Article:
When we talk about improving police we must understand that we are talking about improving 1/2 million police serving in 17,000 agencies.
Policing is and always has been a local endeavor. We Americans seem to dislike any kind of big government. So how can reform and improvement occur in our present situation? Who’s in charge? And what kind of improvement are we talking about?
There is something in both the practice and literature of policing that I think most of us can agree:
- Police need to be honest, well-educated and trained, controlled in their use of force, be accountable and respectful and willing to work closely with those whom they serve.
If we can agree on that then there is some hope for improvement. But how? How is this accomplished? Let’s look at some ways we have already tried to improve our nation’s police:
1. Federal Oversight. This generally happens when a police department has been sued by the U.S. Justice Department for violation of citizens’ civil rights and a settlement is made invoking a “consent decree” resulting in organizational oversight by a representative of the federal judiciary. There are a number of cities today that are in such a situation; e.g., New Orleans, Baltimore, Philadelphia, Cleveland, Portland, Seattle and Albuquerque. During the last decade over 25 cities have experienced some form of involvement from the federal government.
2. National Standardization. There exists today and has been since 1979 an non-governmental effort to implement police voluntary practices and standards through accreditation process: the Commission for the Accreditation of Law Enforcement Agencies (CALEA). Because it is a lengthly and costly process, states like Wisconsin have implemented their own non-governmental agencies. The Wisconsin Law Enforcement Accreditation Group (WLEAG) has been in existence since 1996.
3. State Standards. Most states set police hiring and training standards. (See http://www.cjtc.state.wa.us/). But few monitor how well various agencies are performing. Most set minimum standards and do not set what couldbe called “professional standards.”
4. Specific Legislation. Over and above setting minimum hiring and training requirements, state and even federal legislation can be introduced requiring police to do certain things. For example, in Wisconsin, the father was awarded a large settlement after his son was killed by police in his city. The man used the money to introduce and pass a state law that required an outside agency to investigate police use of deadly force. No longer can it be an internal decision.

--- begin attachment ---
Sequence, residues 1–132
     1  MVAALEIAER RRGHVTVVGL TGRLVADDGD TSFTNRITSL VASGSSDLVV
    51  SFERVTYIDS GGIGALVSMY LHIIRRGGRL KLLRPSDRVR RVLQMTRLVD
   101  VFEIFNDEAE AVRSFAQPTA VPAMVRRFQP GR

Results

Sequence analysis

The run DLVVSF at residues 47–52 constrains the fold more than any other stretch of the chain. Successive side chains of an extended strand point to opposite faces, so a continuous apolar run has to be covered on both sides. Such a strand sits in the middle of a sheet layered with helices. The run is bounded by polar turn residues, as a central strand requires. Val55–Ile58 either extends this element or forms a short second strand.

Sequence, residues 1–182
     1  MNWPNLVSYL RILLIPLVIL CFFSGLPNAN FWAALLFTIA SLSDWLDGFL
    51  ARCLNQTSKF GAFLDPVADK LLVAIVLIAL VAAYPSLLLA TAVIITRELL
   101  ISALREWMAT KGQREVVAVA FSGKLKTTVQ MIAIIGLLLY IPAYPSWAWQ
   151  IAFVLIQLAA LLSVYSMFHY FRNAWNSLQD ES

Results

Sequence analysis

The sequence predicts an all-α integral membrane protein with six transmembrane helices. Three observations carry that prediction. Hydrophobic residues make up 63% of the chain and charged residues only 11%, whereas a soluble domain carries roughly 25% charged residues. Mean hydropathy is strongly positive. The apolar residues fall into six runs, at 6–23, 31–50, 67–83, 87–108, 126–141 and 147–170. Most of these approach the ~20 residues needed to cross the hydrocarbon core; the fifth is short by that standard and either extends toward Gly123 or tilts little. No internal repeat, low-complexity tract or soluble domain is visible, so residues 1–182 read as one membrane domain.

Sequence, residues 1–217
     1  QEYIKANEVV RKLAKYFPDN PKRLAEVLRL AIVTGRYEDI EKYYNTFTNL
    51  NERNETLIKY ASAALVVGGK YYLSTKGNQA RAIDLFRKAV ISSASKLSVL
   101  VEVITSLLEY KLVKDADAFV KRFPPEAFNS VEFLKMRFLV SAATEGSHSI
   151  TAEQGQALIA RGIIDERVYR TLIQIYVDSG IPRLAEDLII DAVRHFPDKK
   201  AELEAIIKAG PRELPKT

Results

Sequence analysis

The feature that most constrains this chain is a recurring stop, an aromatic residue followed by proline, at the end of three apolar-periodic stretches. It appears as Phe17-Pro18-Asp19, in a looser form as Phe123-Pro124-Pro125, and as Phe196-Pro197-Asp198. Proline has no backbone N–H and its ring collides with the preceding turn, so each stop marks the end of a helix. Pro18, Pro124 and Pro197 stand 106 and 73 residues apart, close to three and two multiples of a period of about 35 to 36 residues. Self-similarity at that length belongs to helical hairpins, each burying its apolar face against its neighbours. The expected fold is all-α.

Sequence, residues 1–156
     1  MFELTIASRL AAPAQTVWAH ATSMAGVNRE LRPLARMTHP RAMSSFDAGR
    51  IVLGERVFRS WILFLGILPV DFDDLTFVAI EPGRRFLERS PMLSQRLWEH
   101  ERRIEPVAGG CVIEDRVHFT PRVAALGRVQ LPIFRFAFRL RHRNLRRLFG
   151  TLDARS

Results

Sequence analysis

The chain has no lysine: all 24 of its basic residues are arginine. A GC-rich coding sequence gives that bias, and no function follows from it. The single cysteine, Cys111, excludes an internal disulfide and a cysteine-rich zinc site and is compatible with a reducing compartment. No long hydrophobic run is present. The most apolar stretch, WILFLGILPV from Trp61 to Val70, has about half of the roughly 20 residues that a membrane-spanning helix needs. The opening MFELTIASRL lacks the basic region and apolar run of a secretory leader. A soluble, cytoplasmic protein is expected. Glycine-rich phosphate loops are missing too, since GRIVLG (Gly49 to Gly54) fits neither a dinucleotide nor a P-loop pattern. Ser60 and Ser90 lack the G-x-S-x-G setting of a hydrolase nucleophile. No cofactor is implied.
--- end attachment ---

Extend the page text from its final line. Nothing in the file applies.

4. Civil Litigation. Following actions in which cities and states are sued by various individuals (and not by the Justice Department) various improvements can be initiated by plaintiffs as the result of an agreed-upon settlement. For example, how the nearly $6 million settlement in New York City to the family of Eric Garner drove review of the “chokehold” used by city police.
5. Local Action. From time to time throughout our nation’s history, various local or national activist groups such as the NAACP or ACLU have either persuaded or forced police agencies to change or improve a policy or practice such as police oversight commissions and review boards. Recently, the St Louis (MO) County Executive has proposed minimum standards for all 57 municipal police agencies in the county.
6. Police Initiation. By far the changes, improvements and reforms that are either initiated or agreed-upon by police leaders as “best practices” or brought about by legislation or court-decision such as in Garner v. Tennessee have the most chance of reforming a police practice and it being sustained. What we must all understand is the leaders matter — even more than we think. (Ed. Note: Deep down, I believe a new generation of police leaders will emerge out of this crisis and lead our nation’s police into a new era of excellence.)